Further, in accordance with the present invention, an optical switch passive latching system for maintaining a reflective element in a first position when a switching signal is discontinued is provided. The latching system has a first magnet configuration coupled to a first portion of a switch actuator. A second magnet configuration is coupled to a second portion of the actuator such that a magnetic force biases the magnetic configurations together when the reflective element is in the first position and the switching signal is discontinued. The use of magnets provides an inexpensive, passive approach to improving reliability by latching.
In another aspect of the invention, a method is provided for switching a reflective element between a first position and a second position based on a switching signal. The method includes the step of moving the reflective element from the second position to the first position based on an electrostatic force between a first electrode and a second electrode. The reflective element is maintained in the first position when the switching signal is discontinued based on a magnetic force between a first magnet configuration and a second magnet configuration. The magnet configurations are coupled to the electrodes. The method further provides for moving the reflective element from the first position to the second position based on a spring force between the electrodes and based on the switching signal. The switching signal reduces the magnetic force between the magnetic configurations to a predetermined forced threshold. In a preferred embodiment, the reflective element is maintained in the second position when the switching signal is discontinued based on a system equilibrium.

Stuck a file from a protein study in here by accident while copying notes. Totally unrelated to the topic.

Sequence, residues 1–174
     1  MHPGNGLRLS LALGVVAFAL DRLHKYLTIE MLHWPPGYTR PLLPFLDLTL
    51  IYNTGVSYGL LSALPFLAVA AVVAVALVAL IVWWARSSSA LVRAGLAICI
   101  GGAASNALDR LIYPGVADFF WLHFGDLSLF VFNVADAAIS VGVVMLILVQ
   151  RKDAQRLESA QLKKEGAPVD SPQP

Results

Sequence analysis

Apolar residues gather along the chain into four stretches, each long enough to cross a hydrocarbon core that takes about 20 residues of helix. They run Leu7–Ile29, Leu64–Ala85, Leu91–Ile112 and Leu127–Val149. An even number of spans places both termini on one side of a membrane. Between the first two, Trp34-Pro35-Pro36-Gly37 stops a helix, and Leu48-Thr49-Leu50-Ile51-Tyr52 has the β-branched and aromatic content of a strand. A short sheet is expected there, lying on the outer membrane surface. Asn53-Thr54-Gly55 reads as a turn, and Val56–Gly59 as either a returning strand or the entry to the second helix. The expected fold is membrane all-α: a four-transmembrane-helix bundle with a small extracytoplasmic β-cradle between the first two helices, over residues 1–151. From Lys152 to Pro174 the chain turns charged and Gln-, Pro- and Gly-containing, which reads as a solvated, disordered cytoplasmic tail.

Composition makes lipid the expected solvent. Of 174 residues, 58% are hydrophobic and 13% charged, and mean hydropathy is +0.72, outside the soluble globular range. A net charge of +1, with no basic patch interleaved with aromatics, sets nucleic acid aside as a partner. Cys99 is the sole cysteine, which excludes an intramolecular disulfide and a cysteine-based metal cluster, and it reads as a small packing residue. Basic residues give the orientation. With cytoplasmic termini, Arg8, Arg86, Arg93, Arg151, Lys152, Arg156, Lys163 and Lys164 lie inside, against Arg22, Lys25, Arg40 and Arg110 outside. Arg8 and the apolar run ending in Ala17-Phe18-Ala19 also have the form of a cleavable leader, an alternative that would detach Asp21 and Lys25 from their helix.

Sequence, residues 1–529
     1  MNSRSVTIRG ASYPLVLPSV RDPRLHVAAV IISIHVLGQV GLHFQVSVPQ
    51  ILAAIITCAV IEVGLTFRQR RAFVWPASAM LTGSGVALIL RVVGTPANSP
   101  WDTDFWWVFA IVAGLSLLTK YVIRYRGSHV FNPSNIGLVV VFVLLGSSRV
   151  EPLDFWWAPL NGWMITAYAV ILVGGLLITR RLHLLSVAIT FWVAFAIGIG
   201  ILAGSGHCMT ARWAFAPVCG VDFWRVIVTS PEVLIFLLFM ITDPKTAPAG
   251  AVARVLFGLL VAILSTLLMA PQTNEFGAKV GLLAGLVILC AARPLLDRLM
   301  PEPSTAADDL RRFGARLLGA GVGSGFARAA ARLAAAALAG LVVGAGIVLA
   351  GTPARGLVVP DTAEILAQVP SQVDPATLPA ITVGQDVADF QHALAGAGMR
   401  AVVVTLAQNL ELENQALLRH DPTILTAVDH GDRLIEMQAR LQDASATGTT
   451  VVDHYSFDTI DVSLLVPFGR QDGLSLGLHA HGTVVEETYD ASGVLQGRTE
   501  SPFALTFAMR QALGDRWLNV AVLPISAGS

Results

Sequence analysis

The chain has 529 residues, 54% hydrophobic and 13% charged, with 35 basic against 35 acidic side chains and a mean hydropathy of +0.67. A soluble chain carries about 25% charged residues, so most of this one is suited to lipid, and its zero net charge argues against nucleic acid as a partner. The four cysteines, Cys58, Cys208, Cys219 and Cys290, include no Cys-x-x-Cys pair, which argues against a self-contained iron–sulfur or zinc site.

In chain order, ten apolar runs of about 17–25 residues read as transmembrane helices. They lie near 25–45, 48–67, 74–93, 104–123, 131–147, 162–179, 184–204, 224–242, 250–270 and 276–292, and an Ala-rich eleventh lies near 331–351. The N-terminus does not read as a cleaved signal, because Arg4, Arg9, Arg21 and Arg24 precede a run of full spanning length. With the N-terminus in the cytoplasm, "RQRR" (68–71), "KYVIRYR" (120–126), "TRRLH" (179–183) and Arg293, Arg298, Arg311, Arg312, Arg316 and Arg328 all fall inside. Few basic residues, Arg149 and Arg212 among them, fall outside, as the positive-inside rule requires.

It is to be understood that both the foregoing general description and the following detailed description are merely exemplary of the invention, and are intended to provide an overview or framework for understanding the nature and character of the invention as it is claimed. The accompanying drawings are included to provide a further understanding of the invention, and are incorporated in and constitute part of this specification. The drawings illustrate various features and embodiments of the invention, and together with the description serve to explain the principles and operation of the invention.